2363: Message Boards

Explain xkcd: It's 'cause you're dumb.
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(c) You can have a scooter when you pay for it yourself, and (d) if you can't learn to start a new thread rather than responding to an old one, you'll be banned. [thread locked by moderator]
Title text: (c) You can have a scooter when you pay for it yourself, and (d) if you can't learn to start a new thread rather than responding to an old one, you'll be banned. [thread locked by moderator]


The joke of this comic lies in the dates of the forum posts and the (presumed) relation between the posters.

The initial post was made in 2000 by NIN85 who was, at the time, a teenaged girl (likely 14 or 15 years old given that her username ends in "85," implying she was born in 1985), complaining that her mother did not allow her to get a Vespa. Vespa is a brand of scooters and mopeds produced by the Italian manufacturer Piaggio. Most U.S. states require motorcycle licenses for any vehicle with an engine size over 50 cubic centimeters. Most Vespas are larger than this, although 49 CC models (classified as mopeds) do exist. Depending on the state, the minimum age to get a moped in the United States is 14, 15, or 16.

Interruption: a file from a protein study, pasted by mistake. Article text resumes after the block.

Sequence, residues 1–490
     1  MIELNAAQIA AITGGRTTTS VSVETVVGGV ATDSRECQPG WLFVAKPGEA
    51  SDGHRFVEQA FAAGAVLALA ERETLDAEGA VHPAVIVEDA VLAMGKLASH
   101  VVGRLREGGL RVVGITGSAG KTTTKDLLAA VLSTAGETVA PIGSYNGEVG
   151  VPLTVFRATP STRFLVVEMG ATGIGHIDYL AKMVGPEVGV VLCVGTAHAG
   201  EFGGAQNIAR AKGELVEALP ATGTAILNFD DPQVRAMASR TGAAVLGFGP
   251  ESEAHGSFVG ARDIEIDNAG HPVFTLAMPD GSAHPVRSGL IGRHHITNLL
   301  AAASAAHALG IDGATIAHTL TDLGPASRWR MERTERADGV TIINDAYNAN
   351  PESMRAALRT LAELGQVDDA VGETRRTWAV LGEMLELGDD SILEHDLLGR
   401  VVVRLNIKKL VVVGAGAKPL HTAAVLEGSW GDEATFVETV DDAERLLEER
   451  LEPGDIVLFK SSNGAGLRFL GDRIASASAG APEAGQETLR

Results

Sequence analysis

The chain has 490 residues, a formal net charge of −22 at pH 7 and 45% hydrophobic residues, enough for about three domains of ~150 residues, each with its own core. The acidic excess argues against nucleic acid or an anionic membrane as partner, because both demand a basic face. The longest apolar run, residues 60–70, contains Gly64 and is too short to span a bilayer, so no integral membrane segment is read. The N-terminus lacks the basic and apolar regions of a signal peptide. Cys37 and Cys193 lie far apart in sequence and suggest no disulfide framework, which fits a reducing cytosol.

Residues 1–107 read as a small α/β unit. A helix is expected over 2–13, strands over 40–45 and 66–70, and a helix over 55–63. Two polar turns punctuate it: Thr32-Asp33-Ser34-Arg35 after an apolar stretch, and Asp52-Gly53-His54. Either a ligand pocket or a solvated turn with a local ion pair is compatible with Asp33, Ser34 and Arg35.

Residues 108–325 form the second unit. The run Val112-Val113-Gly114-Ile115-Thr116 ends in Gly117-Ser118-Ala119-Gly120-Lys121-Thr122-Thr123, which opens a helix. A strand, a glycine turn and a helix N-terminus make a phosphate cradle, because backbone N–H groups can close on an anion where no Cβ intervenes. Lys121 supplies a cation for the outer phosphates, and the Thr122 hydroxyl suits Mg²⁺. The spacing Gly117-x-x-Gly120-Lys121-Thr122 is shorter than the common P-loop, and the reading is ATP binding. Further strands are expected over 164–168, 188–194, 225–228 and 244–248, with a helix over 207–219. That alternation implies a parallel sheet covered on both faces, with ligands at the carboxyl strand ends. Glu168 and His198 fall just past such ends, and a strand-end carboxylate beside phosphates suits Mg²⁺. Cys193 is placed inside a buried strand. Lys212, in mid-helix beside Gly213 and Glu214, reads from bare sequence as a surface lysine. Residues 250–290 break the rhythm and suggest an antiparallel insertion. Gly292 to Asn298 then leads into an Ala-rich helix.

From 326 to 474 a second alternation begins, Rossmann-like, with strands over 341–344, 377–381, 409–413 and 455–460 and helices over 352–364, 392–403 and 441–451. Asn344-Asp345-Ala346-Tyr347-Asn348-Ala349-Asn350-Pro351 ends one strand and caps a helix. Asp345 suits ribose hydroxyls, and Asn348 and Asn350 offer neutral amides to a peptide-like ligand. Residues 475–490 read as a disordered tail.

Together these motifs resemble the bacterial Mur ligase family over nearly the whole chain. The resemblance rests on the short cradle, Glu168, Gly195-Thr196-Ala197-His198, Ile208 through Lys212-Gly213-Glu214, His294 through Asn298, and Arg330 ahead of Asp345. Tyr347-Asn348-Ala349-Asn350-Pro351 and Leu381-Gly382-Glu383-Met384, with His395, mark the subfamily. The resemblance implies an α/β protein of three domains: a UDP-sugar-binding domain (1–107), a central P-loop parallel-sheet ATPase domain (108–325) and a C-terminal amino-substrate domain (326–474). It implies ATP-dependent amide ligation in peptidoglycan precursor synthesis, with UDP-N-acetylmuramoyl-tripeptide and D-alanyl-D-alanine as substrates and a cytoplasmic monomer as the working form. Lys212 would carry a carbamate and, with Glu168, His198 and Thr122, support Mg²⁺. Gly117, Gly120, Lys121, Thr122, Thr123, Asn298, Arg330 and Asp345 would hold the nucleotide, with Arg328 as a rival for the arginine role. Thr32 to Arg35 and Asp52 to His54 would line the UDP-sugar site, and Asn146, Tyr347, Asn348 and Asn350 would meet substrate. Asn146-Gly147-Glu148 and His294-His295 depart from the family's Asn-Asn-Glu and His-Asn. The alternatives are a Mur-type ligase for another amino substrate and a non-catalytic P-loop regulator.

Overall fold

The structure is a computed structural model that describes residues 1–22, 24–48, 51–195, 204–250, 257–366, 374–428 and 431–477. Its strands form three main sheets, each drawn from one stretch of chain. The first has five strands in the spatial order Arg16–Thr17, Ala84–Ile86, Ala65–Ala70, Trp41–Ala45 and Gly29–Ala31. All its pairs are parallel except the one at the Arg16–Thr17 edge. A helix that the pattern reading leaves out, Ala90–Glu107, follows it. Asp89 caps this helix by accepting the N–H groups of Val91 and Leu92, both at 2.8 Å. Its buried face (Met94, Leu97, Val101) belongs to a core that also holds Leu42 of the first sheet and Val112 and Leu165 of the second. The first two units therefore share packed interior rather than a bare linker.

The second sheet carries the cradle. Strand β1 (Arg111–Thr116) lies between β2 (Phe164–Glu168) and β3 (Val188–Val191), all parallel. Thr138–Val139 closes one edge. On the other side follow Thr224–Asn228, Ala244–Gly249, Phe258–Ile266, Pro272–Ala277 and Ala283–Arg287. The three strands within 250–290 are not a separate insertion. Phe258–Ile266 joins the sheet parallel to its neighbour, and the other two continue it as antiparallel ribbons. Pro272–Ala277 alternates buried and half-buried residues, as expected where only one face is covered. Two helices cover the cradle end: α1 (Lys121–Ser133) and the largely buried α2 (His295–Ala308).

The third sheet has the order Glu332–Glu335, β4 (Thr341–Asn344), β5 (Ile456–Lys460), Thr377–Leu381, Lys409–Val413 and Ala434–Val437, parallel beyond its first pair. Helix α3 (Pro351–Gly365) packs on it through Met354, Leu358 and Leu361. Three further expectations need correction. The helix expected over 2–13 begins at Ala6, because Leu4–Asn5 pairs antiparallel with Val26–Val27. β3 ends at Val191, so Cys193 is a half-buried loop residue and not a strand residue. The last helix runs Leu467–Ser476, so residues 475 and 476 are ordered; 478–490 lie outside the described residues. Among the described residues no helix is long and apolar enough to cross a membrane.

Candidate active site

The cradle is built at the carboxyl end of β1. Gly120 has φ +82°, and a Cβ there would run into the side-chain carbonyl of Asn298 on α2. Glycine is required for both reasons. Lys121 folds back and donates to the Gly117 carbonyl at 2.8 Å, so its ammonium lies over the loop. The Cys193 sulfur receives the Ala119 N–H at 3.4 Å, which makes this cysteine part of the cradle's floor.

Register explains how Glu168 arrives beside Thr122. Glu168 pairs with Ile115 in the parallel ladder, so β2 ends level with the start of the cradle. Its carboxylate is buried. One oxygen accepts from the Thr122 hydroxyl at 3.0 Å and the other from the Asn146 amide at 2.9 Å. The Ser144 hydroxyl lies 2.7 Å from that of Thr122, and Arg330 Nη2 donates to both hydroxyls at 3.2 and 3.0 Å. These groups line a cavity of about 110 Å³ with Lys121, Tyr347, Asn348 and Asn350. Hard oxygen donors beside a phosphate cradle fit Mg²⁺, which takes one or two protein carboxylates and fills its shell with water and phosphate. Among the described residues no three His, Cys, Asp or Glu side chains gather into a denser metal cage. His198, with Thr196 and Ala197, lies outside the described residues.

The reply was written in 2020 (twenty years later) by JULZ (or Julian), the presumed son of the now-adult NIN85, likely in his teenage years. The "Z" may refer to "Generation Z", paralleling the "85." "JULZ" complains about his mother refusing to allow him to get an electric scooter, which doesn't require a license. He is implicitly pointing out the hypocrisy of his mother, as a fifteen-year-old, thinking that teenagers with scooters are perfectly reasonable, while as a thirtyfive-year-old, being against the idea.